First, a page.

Disaster Preparedness Myths – Are You Ready for the Flood?

Disaster Preparedness Myths – More Excuses!

So what’s the big deal about disaster preparedness and not being prepared for the unexpected? Let’s say you live along a coastal area; meaning you live within 50 miles of the shore. Every now and then a storm develops that’s severe but you blow it off as living near the coast. You do notice storms are becoming more frequently intense! The occasional rain event, not tropical storm or hurricane, now drops 4, 5, 6 plus inches of rain in 24 hours. Streets are flooded, basements and crawlspaces are flooded, getting around is dangerous.

Disaster Preparedness – No Need to Worry I Don’t Live along the Coast

Many people feel severe flooding is a costal event. Reality is tropical storms including hurricanes and typhoons along with supercell thunderstorms create significant catastrophic flooding inland more frequently than along a coastline. When a storm goes stationary then the amount of rainfall can be recorded in biblical amounts. Floods occur everywhere. Don’t forget about flashfloods where a torrent of water, mud and debris can strike when there isn’t a cloud in the sky such as in the desert or mountain canyons or when a thunderstorm turns deadly as in Ellicott City, MD in July 2016.

Disaster Preparedness – My Home is Safe

My home is built to withstand anything Mother Nature can throw at it. We all know there in no such thing as being invincible. Expecting your home to keep you safe during major weather events instead of evacuating to a safer location is throwing the dice and hoping for the best. Pay attention to weather warnings. Even if the forecasters get it wrong it’s better to be safe than sorry. Check flood zone maps and remember maps are periodically updated to reflect changing climate conditions.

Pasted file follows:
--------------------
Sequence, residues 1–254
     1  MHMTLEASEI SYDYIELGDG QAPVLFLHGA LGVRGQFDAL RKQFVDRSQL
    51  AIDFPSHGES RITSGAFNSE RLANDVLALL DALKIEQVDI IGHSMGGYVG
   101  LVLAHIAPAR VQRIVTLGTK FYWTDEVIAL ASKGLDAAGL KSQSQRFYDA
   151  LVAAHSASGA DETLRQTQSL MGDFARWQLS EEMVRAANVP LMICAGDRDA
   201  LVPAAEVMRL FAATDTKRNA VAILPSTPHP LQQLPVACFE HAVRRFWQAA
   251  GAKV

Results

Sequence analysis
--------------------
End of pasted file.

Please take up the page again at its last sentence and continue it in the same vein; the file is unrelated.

Disaster Preparedness – Government Has My Back!

I have insurance or the government will bail me out. Yea right! Even with the best disaster preparedness insurance there is the possibility a “clause” specifically eliminates coverage for a specific event. Insurance companies understand risk and exposure better than anyone and coverage available today may not be available tomorrow. The Government provides help only when threshold levels are met. Government compensation evaluations are conducted after a disaster strikes and are based on the amount of damage that occurs on a country-wide basis. After a natural disaster occurs the government may be overwhelmed with administrative management and relief efforts. It may be months or substantially longer before financial aid is available.

Disaster Preparedness – Survived the Last One!

I survived the last major storm so I must be okay. Survivors of catastrophic events were most likely not in the most destructive area of a storm, weather is unpredictable and variable! Countless times a tornado destroyed an entire neighbor but left a single house untouched. What happened in the past is not a predictor of the future.

Disaster Preparedness Supplies

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